3059 — Correlates of VA PTSD Specialty Treatment Utilization among Veterans Newly Diagnosed with PTSD
Lu MW (Mental Health & Neurosciences Division, Portland VA Medical Center), Duckart JP
(Health Services Research and Development Service Research Enhancement Award Program, Portland VA Medical Center), O'Malley JP
(Oregon Health and Science University, Oregon Clinical and Translational Research Institute), Dobscha SK
(Portland Center for the Study of Chronic, Comorbid Mental and Physical Disorders, Portland VA Medical Center)
Little is known about the extent to which U.S. veterans newly diagnosed with posttraumatic stress disorder (PTSD) receive PTSD specialty treatment, or about patient characteristics associated with receipt of PTSD specialty care. The main objective of this study was to identify predictors of receiving minimally adequate PTSD specialty treatment in the Department of Veterans Affairs (VA) healthcare system. A secondary objective was to determine if there were differences in predictors when comparing Operation Enduring Freedom/Operation Iraqi Freedom (OEF/OIF) veterans to non-OEF/OIF veterans.
VA administrative data were obtained for 869 veterans who had positive PTSD screens between 11/7/06 and 9/30/08, new PTSD diagnoses, and who attended an initial visit in a PTSD specialty clinic at four Northwest VA facilities. Logistic regression was used to model correlates of receiving minimally adequate specialty treatment (MAST), defined as nine or more visits to a PTSD specialty clinic in the year following the positive PTSD screen.
Two hundred eighty-six veterans (32.9%) completed MAST, or at least nine visits. Ninety-one veterans (10.5%) completed more than twenty visits. OEF/OIF veterans were less likely to complete MAST (29% vs. 36%, p = .021), and attended fewer visits (mean 8.2 vs. 9.9, p = .045) than non-OEF/OIF veterans. In both cohorts, predictors of receiving MAST included receiving an initial PTSD clinic visit within 30 days of a positive PTSD screen, living in an urban (versus rural) location, comorbid depression, and comorbid anxiety disorders. Alcohol use disorders predicted receipt of minimally adequate specialty treatment by OEF/OIF veterans, but not non-OEF/OIF veterans.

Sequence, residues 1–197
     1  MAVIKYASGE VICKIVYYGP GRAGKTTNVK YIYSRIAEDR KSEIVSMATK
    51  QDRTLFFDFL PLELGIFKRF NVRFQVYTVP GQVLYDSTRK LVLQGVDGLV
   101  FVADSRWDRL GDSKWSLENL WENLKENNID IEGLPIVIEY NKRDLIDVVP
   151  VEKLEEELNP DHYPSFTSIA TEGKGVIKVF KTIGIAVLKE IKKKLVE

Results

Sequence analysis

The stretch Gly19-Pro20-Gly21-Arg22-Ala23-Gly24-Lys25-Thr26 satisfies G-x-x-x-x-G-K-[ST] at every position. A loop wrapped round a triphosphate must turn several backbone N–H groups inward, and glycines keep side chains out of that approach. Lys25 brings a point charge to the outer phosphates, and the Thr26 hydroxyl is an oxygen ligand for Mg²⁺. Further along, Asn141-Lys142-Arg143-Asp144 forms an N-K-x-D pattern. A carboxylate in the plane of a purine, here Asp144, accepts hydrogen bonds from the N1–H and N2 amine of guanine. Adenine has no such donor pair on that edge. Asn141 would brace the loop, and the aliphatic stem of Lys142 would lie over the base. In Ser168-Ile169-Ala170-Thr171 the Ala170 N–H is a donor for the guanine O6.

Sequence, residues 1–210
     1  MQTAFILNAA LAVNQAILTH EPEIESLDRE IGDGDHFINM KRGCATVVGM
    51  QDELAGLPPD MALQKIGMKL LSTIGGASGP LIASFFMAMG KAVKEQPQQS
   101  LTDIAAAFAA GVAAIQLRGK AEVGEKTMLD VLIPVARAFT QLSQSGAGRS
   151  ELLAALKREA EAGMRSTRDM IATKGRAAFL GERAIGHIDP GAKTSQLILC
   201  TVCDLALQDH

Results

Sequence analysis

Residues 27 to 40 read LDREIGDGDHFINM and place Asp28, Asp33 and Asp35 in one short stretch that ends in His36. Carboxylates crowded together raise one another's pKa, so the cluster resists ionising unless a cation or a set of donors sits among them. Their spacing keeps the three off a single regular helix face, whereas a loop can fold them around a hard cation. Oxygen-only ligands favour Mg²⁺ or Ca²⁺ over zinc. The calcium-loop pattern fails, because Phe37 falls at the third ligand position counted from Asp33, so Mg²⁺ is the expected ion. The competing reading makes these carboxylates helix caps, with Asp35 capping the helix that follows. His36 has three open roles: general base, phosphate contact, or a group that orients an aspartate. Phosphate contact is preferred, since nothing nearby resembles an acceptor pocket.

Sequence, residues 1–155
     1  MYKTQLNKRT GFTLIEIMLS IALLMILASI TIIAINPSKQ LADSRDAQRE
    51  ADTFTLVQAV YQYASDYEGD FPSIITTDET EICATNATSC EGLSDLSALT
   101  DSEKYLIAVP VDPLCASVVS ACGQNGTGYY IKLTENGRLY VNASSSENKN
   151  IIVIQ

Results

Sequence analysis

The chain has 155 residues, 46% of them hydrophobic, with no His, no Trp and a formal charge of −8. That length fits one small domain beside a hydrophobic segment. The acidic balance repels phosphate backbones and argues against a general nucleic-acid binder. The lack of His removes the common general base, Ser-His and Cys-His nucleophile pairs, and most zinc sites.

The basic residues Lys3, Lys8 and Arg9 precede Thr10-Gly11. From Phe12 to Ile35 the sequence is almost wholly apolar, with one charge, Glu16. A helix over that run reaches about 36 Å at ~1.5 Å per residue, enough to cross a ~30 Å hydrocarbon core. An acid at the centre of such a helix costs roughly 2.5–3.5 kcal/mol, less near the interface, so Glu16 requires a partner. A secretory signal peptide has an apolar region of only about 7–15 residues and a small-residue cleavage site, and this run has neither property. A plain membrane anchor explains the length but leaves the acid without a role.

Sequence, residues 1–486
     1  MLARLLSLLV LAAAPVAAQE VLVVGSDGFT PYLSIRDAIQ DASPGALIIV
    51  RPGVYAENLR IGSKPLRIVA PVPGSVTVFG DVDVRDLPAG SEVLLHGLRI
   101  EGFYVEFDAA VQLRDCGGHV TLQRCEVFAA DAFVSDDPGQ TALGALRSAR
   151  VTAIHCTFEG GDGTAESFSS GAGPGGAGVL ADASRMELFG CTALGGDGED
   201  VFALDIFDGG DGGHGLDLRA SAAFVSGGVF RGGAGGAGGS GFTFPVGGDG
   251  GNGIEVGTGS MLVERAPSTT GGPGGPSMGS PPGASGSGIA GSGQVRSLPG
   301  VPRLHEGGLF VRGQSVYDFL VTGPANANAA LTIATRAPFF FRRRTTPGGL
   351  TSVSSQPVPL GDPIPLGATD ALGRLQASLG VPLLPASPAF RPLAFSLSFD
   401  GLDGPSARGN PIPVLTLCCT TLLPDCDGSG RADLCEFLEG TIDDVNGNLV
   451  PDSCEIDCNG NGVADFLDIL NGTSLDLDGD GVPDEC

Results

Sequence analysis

The majority of veterans newly diagnosed with PTSD who initiate VA PTSD specialty care do not complete minimally adequate specialty treatment (MAST). On the other hand, a substantial minority receive more intensive treatment (more than twenty sessions during the year after screening). Further examination of factors contributing to premature treatment discontinuation or unusually high utilization is warranted. More rapid access to PTSD specialty care, and more convenient access for rural veterans, may increase participation in treatment.
This is the first study, to our knowledge, to examine predictors of receipt of minimally adequate treatment in VA PTSD specialty clinics.